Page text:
Opening a dim sum spot in LA is an interesting challenge. Because sooner or later, people are going to start comparing it to their favorite Cantonese restaurants in the San Gabriel Valley. Which is totally fair - the SGV is less than an hour’s drive from most parts of LA, and it’s home to some of the best Chinese food you can find anywhere. So after Capital Seafood (which also has locations in Arcadia and Irvine) opened in Beverly Hills in late 2018, it was fair to ask how it compares to those San Gabriel standouts.
From the outside, the answer is, “Not at all.” Because you definitely know you’re in Beverly Hills. There’s a not-small chance that you’ll have to dodge a 17-year-old driving a Maserati in the parking garage beneath the restaurant, and there’s a massive fountain out front that makes it feel a bit like you’re walking into a meeting at CAA. But inside, you’d have no idea you’re one wrong turn away from the Beverly Center - because you just can’t find Cantonese food this good anywhere near the Westside.
The dim sum classics are all worth ordering. The shrimp har gow are stuffed with huge hunks of shrimp, the turnip cake is perfectly crispy but still moist and flavorful, and the steamed BBQ pork buns are wrapped in a nice foamy rice flour, and have plenty of sweet and salty pork inside. You’ll also find some stuff you don’t see as often (but should still investigate), like the buttery, flaky pork pastry, and rice noodles with XO sauce. And you should absolutely order multiples of the salt and pepper calamari and the shrimp rice noodles - firm noodles stuffed with a whole shrimp, then topped with tangy vinegar.
The seafood tastes so fresh that you suspect it was alive minutes before cooking - which is entirely possible, since they’ve got live tanks in the kitchen - but when it comes to dinner entrees, we actually prefer the meat dishes. The lobster tends to be under-seasoned for the amount of sauce there is, and the vermicelli with seafood is a bit too mushy for our taste. Meanwhile, the roast duck is consistently fantastic - crispy, flavorful, and impossible not to pick up and eat off the bone - and the char siu (BBQ pork loin) is also great, so we usually get both of them on a two-item platter.
But can Capital Seafood substitute for SGV dim sum? Yes and no. On one hand, much of the food doesn’t quite have the same punch - you really have to load up on the accompanying vinegars and sauces to complement the dumplings. On the other, this is the best dim sum you can get anywhere within a 15-mile radius. There are tons of options, and no matter what you order, you’ll walk away happy, full, and with a whole lot of leftovers.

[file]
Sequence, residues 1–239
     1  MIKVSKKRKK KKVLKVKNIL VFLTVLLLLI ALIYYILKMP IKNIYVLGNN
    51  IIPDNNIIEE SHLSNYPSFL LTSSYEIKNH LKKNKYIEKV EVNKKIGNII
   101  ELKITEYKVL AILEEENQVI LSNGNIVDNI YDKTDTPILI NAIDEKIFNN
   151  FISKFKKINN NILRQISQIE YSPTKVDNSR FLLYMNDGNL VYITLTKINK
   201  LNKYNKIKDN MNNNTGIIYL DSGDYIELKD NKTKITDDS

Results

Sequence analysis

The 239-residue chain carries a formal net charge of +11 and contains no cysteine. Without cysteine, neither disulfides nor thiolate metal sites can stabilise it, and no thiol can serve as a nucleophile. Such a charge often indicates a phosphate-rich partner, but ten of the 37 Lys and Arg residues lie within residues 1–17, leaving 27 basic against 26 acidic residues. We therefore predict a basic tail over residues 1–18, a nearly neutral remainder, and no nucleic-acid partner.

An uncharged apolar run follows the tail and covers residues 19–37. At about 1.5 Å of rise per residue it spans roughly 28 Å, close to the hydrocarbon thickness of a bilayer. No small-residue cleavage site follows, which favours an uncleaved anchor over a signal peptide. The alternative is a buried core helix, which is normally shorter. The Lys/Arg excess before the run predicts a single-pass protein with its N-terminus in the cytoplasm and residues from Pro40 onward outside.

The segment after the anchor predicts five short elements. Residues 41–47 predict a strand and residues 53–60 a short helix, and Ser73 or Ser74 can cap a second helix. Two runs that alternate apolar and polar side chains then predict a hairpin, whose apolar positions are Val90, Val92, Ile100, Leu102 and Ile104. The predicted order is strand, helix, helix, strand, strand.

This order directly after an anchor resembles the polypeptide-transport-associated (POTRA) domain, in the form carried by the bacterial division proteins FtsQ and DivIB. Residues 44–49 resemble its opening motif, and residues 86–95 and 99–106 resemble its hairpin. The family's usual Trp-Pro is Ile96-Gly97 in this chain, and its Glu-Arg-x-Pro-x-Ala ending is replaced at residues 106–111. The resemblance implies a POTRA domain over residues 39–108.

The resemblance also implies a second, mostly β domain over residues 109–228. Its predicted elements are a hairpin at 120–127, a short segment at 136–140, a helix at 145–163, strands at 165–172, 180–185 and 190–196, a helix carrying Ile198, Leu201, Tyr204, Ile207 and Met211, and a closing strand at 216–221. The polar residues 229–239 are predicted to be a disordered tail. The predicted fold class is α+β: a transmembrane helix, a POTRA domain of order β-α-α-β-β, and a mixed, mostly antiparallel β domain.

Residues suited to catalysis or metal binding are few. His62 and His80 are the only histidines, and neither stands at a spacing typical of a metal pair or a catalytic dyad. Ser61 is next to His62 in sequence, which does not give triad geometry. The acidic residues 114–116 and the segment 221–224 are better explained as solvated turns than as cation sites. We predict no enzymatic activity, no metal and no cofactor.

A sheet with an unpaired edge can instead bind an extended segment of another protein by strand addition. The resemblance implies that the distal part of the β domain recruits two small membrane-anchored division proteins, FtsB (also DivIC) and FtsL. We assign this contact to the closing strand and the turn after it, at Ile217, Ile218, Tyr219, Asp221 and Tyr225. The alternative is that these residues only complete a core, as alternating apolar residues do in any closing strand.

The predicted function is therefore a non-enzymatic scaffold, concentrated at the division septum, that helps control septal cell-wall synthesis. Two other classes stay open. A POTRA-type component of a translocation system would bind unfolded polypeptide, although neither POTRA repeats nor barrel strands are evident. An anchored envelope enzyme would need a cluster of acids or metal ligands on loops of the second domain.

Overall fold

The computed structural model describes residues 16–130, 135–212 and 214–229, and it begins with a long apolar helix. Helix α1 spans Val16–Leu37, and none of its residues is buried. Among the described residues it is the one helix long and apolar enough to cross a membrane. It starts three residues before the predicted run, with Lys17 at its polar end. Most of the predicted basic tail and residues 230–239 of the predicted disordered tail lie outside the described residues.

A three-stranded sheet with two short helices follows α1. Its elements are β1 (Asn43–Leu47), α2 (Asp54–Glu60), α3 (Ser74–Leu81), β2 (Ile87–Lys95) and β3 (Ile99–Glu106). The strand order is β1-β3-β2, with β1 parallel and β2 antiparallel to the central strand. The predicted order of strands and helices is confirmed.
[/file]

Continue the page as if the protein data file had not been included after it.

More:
Comparisons aside, Capital Seafood is good enough to stand on its own. The place is fancy without feeling stuffy, and the service is super-quick. Considering its location, this is some of the best food for the price in the neighborhood. And they always have tables available. In LA, where trying to get a big group of friends to commit to a meal ahead of time is as hard as making a left turn across Highland, you can book a table that seats as many as 16 with little problem, even at the last minute.
So while Capital Seafood wouldn’t crack the upper tier of Cantonese food in the SGV, it’s still the best dim sum you can get without the possibility of spending multiple hours on the 10. Just watch out for teens driving Maseratis.
All the dumplings here are lessons in balance - they’re delicate but hearty, and tender yet still chewy. The har gow is among our favorites, as it’s fully loaded with huge hunks of shrimp. Use plenty of the accompanying chili oil to bring out the shrimp flavor.
Like that time you mistakenly ordered your ice cream before the rest of your group and just got a kiddie size, then watched everyone else order triple scoops, you’re going to regret it if you don’t order multiples of this dish.
One of the biggest surprises here - these little rice logs are tossed in sweet, tangy seafood sauce. Order them. Actually, order two of them.
Firm rice noodles wrapped around shrimp like they came from a workshop full of elves furiously trying to get presents out in the third week of December? Count us in.
If you’re only going to order one main here, make it the duck. It’s rubbed with Chinese five spice, the skin is perfectly crispy every time, and the meat is always moist but never underdone.
Just behind the duck, for us, is the char siu. This BBQ pork is sweet, salty, and a great alternative to eating a bunch of dumplings.
We always order these sweet, huge dumplings stuffed with pork at the end of the meal, and pretend they count as dessert.